Of course, head coach turnover is just one of many reasons why college commitments fall through. Assistant coach turnover, lack of developmental progress, over-recruiting, or a pandemic impacting open roster spots are others, to name just a few of many. So while player commitments are happening earlier and earlier, what value does that hold? Do recruits actually benefit? Based on what we see from college coach turnover data alone, it would seem that they don’t. The earlier the commitment, the less likely it holds up. How strong of a “commitment” is being made if the odds that it works out are little more than a coin flip? How does that benefit the player and family? In our view, it doesn’t.

Major Takeaways

So what does all this mean, exactly? In our view, there are several major takeaways and things recruits can do to position themselves for recruiting and college baseball success:

Do Your Research

College Baseball Insights has shown that you can understand a lot about a program you are considering by looking at the data and trends. Who do they recruit? What does year-to-year player turnover look like? How many guys do they have returning at your position? What are the characteristics and skill sets of these players? Has the program been winning? How long has the coach been there? Is the coach on the hot seat? This type of research will save you time, allow you to pursue the right programs, help you better understand what opportunities look like in a program, and give you a solid idea of what you can expect at a certain school. If you can’t afford a service like CBI, here’s how you can do that research yourself and why it’s important.

Bet on Yourself

It takes what it takes to play at a certain school. You need to be better than the other recruits to make the team and better than the other players on the team to earn playing time. If a school is interested in you as a high school freshman or sophomore because of your potential, they should still be interested in you as a junior when you’ve fulfilled that developmental promise. If you are committed as a freshman or sophomore and don’t fulfill that potential, you are likely to lose that slot to a player with a better skill set anyways, whether you are committed or not. It’s incredibly competitive and it takes what it takes to play. You need to embrace the competition and instead of falling for the false sense of security provided by an early verbal commitment, double down on your development and ability to play at or above the standard. If you are good enough, they will create space for you.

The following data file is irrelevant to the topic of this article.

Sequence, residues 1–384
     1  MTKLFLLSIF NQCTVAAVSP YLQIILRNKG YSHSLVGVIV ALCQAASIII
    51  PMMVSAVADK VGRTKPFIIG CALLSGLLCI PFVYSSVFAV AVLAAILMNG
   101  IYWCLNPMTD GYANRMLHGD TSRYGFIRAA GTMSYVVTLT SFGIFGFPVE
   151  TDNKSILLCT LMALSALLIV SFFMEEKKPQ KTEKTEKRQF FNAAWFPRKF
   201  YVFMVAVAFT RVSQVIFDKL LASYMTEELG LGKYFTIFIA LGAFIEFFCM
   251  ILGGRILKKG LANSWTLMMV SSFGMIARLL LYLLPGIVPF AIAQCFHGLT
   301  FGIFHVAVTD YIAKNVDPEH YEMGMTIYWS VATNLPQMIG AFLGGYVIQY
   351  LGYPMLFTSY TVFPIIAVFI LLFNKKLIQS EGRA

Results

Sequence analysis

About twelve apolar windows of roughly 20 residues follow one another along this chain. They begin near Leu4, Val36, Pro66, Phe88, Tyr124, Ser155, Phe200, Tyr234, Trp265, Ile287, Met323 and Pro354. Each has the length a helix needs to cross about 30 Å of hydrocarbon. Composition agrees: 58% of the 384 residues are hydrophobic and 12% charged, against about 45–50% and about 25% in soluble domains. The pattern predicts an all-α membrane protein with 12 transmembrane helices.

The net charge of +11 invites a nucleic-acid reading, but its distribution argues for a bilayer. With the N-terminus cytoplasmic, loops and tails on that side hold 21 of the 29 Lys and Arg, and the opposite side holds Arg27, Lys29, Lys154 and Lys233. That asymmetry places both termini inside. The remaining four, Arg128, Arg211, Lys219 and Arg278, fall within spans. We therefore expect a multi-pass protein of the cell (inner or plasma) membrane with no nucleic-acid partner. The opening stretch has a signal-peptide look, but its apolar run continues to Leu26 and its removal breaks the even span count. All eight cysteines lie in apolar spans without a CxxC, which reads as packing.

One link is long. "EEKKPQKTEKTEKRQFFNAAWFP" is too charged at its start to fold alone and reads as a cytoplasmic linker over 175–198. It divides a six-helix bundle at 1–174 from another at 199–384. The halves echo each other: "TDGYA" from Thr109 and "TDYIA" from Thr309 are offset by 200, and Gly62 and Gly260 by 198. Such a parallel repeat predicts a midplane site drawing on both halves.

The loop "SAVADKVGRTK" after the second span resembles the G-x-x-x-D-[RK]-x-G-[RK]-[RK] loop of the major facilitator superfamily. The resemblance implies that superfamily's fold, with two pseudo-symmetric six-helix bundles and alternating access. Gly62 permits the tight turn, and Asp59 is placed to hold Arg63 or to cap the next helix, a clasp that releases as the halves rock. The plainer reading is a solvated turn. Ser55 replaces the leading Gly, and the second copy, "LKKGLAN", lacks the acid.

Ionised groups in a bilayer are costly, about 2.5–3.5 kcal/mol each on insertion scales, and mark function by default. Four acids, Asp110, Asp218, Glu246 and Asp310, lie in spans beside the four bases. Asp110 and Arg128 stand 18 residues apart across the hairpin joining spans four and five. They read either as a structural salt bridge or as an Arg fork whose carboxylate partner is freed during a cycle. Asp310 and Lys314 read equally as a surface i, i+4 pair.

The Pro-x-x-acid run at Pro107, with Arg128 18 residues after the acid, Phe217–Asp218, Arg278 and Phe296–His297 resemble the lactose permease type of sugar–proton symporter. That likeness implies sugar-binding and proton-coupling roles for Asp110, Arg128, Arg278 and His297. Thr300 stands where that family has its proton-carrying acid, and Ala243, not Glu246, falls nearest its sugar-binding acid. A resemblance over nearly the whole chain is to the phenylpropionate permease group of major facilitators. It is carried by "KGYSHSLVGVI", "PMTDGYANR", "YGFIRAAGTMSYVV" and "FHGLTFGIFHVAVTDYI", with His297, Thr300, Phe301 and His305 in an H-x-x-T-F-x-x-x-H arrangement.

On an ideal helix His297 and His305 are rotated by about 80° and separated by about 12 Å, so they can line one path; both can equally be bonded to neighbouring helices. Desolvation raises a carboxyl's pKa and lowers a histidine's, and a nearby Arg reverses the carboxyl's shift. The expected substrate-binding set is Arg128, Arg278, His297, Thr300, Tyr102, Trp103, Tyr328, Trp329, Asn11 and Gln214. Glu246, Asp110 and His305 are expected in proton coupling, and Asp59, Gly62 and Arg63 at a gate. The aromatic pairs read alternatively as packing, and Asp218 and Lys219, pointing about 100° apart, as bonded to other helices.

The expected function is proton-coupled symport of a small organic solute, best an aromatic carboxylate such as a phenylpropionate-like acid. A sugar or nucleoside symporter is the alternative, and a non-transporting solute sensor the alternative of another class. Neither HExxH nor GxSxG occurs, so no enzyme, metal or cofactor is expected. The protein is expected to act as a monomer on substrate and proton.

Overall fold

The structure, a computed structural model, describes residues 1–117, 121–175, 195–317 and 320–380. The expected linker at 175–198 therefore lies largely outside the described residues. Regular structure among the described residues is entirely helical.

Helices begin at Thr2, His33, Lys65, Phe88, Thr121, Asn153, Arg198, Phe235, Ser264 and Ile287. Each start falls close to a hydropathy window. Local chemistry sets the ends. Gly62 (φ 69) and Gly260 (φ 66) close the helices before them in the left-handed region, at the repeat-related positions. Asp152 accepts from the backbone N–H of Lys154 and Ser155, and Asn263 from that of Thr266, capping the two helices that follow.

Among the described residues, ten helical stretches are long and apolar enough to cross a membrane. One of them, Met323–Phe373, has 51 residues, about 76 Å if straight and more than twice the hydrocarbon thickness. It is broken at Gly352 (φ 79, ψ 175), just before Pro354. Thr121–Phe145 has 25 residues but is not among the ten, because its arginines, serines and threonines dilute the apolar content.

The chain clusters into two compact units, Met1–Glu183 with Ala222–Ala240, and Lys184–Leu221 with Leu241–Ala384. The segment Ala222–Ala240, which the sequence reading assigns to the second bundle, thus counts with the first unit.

Take Your Time and Make an Informed Decision

Committing is not a race. Just because everyone else is hurrying towards a commitment, it doesn’t mean that’s the best thing for you to do or that it will result in the best outcome. NCAA research has demonstrated that players who commit later have more positive feelings about the recruiting process. Finding a lasting fit is more important than committing for the sake of committing. We’re not saying wait forever, were just saying you shouldn’t commit until it makes sense for you, you’ve had time to do your homework on the school, and you are ready.

Choose a School Where You Will Be Happy if Baseball Doesn’t Work Out

The baseball program should be a big part of your college decision, but it shouldn’t be the only thing. Pick a school where you can see yourself if baseball doesn’t pan out. You have no control over coaching changes, injuries, and so many other things that can impact your baseball experience. Choosing a school with an area of study you enjoy, in a place you want to be, where you can see yourself happy is most important. Don’t neglect the non-baseball side of your decision because it can save your college experience if baseball doesn’t turn out the way you hope.

Note: The data used for this article has been pulled from 3rd party sites. While we are confident it provides an accurate picture of the college coaches carousel, the information may be incomplete or change.